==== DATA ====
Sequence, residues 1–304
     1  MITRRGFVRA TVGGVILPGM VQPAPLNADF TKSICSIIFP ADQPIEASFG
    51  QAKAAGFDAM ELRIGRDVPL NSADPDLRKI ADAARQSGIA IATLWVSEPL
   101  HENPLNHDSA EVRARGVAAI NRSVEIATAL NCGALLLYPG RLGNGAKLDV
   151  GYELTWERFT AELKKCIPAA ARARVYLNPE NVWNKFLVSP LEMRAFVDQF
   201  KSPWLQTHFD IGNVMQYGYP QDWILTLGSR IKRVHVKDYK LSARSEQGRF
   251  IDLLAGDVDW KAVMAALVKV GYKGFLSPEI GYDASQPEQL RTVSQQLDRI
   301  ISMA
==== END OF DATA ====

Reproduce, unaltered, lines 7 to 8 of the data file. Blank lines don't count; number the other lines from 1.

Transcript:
   251  IDLLAGDVDW KAVMAALVKV GYKGFLSPEI GYDASQPEQL RTVSQQLDRI
   301  ISMA